October was an excellent month for hedge fund managers. The HFRX Global Hedge Fund Index returned 1.2% in October with almost all strategies and regions positive. With equity markets across regions recording strong gains (particularly post the resolution of the debt ceiling), together with earnings season, it was hardly surprising to see equity long/short managers had another strong month. European manager returns were particularly strong, though they did marginally suffer in the last week of the month. One of the strongest areas of return generation was in the periphery of Europe. Some managers had sizeable positions here and benefited from the recovery theme; financial stocks also benefited from the same effect. It’s likely that some of the problems in the last week of the month were as a result of profit-taking, following the strong run over the month in widely held positions. Pleasingly, most variable bias managers in the region had reduced exposure and were only minimally affected. US manager returns were also positive, though the returns were less impressive than those from Europe. Generally managers lagged behind net exposure implied returns, with alpha generation on the short side continuing to be particularly difficult. This was particularly noticeable in a rather uninspiring round of corporate results, and amid weaker data releases. Managers here also cut exposures towards month end, and are now less bullish than for much of the preceding six months.
After a series of poor months, managed futures managers were amongst the strongest performing strategy in October. A strong driver of this performance was the equity market exposure that had built up coming into the month. This was true for almost every manager in the space. Indeed, across the sector there was very little performance dispersion, with equity exposure the only significant attribution and the majority of managers having similar exposures over the month. Having started the month with flat (in some cases short) interest rate exposure, managed futures are now long once again, albeit in fairly small size. Our opinion of the overall environment for these managers changed little in October. They have been much maligned over the past six month, with many of their problems well documented. There are, however, reasons to be more positive. The yield curve remains steep, offering returns from carry and roll-down and the longer-term decrease of correlation between instruments is also a positive.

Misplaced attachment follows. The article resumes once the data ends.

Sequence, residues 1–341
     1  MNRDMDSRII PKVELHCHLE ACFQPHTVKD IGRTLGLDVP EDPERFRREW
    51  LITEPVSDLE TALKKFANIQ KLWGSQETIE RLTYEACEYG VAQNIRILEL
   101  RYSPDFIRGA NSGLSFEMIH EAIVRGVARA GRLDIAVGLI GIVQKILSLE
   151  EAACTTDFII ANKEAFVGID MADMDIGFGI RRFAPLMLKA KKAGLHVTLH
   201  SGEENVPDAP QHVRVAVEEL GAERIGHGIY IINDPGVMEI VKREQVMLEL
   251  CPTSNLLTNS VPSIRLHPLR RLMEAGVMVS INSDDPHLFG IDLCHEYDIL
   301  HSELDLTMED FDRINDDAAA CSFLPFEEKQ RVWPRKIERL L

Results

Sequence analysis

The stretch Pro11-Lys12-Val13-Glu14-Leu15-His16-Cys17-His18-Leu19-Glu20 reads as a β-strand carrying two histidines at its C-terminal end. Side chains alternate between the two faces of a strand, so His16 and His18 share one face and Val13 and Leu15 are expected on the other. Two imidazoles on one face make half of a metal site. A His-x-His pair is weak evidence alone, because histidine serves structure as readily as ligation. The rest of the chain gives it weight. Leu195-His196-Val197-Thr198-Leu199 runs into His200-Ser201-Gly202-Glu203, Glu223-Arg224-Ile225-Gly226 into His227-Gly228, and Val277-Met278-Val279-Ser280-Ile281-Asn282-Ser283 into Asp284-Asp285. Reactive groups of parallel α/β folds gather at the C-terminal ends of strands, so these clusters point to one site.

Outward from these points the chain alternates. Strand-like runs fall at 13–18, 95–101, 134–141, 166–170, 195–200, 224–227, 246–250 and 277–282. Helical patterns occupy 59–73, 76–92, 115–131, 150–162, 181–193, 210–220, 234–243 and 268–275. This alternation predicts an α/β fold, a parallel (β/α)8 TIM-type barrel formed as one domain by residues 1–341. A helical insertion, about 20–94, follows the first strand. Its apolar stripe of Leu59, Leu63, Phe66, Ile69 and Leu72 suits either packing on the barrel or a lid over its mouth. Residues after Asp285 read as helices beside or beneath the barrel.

Emerging market managers had a positive month in October, benefiting from the continuation of the recovery seen in the second half of September. The recovery badly hurt several managers in September; however, the majority affected had successfully turned their books around. Very few managers recorded strongly negative months. Managers are positive regarding the short-term environment, but are cognisant that when thoughts turn back to tapering in the US the environment will become challenging again. Attempting to time this is something that managers are for now avoiding; this was what hurt several mangers in September. For now our opinion that excess returns will be difficult to generate remains.